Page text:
Keeping your WordPress blog safe and secured are things to be done right away but often gets delayed. Building readership and monetizing the site are daily tasks that produce tangible results.
Often checking of the security needs doesn’t reveal its true importance until the site is compromised by a hacker or a natural disaster like user error. Here are a few of the best methods of protecting your blog from these kinds of disasters.
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WordPress Code Modifications
Since WordPress is an open source, the code itself can be modified by the user to create a unique and totally customized experience. In some cases, simply adding to the WordPress code can considerably add to the overall security of your blog. While this may seem to be done only by an advanced user or attempted by a programmer, actually, it is very easy to do.
If you are worried about the adverse effects to your blog, backup your blog before implementing any of these suggestions. If something does go wrong, or you simply don’t like the results, you can restore the backup and your blog can continue to run just as it always has. Even if you are fully confident in your ability to modify the WordPress code, it is a good idea to make a backup first.
Remove the WordPress Version Number
By default, the WordPress version is displayed in the head of the blog files and the RSS feed. If you are not using the latest version of WordPress, a hacker can use this information to launch an attack on your blog that exploits a known vulnerability in the version you are running. Adding a single line of code can prevent the version number from being displayed.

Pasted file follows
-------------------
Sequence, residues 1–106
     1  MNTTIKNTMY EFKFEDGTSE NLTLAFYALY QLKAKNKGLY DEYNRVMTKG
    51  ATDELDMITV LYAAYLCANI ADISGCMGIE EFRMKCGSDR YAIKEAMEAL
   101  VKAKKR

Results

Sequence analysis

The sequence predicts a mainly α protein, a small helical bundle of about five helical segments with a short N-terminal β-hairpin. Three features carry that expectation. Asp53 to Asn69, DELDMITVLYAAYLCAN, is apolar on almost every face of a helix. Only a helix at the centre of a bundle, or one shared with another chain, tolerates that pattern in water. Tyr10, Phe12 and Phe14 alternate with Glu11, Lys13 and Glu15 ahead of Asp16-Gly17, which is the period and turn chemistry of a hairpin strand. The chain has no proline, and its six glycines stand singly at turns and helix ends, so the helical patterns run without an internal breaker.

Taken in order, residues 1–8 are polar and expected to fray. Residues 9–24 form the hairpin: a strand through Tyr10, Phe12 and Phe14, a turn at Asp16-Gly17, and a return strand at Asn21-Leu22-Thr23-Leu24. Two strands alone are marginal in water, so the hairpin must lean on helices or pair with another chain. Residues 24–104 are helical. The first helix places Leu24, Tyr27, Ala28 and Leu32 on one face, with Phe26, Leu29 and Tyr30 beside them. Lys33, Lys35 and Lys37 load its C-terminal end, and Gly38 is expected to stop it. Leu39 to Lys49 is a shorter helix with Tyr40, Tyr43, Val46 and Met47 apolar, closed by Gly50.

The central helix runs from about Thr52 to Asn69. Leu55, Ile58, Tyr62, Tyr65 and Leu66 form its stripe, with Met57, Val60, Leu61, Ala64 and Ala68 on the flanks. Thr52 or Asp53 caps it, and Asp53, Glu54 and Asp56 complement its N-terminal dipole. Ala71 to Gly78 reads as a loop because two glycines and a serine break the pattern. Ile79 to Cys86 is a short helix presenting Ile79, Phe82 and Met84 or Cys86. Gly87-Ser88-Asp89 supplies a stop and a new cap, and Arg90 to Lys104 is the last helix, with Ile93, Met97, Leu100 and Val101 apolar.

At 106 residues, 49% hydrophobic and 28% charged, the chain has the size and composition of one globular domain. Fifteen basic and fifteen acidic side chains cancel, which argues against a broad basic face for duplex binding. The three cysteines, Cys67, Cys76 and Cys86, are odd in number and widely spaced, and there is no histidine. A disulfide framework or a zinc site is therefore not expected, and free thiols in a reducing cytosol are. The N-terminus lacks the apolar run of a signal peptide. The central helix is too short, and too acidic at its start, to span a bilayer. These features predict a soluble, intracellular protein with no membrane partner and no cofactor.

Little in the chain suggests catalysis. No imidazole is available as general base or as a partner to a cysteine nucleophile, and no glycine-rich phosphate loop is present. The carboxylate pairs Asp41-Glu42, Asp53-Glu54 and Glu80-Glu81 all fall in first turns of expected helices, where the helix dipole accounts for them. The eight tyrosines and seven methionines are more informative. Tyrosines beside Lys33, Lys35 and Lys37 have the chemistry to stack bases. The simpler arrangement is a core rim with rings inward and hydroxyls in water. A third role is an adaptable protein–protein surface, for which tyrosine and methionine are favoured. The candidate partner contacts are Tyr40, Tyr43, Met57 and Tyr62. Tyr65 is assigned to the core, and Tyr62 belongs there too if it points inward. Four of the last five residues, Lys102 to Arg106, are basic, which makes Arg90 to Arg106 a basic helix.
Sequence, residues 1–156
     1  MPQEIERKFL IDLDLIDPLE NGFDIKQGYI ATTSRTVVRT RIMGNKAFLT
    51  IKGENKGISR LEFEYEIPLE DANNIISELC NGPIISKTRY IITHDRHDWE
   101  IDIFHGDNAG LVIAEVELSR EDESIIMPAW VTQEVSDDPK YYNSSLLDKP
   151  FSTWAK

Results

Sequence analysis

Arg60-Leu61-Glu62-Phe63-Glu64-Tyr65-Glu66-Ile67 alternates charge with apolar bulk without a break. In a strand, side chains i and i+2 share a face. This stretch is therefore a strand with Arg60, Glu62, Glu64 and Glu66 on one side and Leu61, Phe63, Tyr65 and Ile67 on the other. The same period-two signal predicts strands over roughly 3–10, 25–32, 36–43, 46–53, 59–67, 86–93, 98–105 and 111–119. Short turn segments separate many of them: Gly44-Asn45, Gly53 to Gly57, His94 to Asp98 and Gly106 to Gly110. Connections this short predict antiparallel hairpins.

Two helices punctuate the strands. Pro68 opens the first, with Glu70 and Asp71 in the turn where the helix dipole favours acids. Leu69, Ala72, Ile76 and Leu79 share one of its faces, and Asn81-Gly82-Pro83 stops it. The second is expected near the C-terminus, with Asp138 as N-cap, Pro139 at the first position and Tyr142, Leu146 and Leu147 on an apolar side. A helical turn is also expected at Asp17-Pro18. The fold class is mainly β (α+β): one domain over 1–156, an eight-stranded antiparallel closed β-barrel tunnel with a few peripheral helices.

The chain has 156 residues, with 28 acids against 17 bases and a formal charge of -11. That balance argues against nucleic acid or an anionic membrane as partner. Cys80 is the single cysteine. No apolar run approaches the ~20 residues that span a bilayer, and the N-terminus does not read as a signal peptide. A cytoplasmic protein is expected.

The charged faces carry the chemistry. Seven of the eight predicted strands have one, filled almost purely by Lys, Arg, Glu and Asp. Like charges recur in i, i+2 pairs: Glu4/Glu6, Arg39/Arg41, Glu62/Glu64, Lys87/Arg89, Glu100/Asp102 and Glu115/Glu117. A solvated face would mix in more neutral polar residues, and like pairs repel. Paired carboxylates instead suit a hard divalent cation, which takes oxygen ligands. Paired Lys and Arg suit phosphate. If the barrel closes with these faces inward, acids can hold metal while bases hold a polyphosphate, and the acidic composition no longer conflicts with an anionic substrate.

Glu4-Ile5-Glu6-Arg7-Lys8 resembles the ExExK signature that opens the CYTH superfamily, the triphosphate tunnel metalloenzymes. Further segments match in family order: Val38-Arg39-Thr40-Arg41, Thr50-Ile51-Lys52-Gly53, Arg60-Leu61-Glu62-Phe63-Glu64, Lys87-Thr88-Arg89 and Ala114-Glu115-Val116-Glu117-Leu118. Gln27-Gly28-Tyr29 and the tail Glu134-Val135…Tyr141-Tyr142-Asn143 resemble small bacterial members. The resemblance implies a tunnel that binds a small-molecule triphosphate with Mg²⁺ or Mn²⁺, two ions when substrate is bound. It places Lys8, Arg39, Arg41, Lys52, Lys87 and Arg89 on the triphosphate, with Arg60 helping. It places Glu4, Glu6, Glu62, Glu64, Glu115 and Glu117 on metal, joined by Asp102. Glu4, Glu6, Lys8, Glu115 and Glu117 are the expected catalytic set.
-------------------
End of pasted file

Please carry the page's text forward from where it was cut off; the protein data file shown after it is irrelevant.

- Go to your Theme folder and open the functions.php file.
- Enter the code:remove_action(‘wp_head’, ‘wp_generator’);
- Save the functions.php file and refresh the page.
By just adding this simple line of code, your WordPress version stops being displayed where hackers can easily find it.
Change the Default Admin Name
If you have been using WordPress for a while, you probably still have the default username “admin.” Beginning with version 3.0, you could choose your own admin name. If you are still using “admin” to log in, it is time to change it. When hackers are trying to crack a password, it is more difficult if they also have to crack the username.
- Login to the phpMyAdmin panel.
- Choose your WordPress database.
- Click on the SQL tab.
- In the SQL Query Box enter:UPDATE wp_users SET user_login = ‘New Username’ WHERE user_login = ‘Admin’;
Now, you will be able to use your new username to login to your admin page.
There are quite a few plug-ins for WordPress that will help increase the security of your blog. The ones presented here are among the highest rated plug-ins by WordPress users. All of these are easy to install and use.
Block Bad Queries is a plug-in that works in the background and deals with malicious queries. Malicious queries or malicious URL requests are how hackers identify vulnerabilities. These scripts send URL requests that start out with your site’s URL and change the ending. A couple simple examples: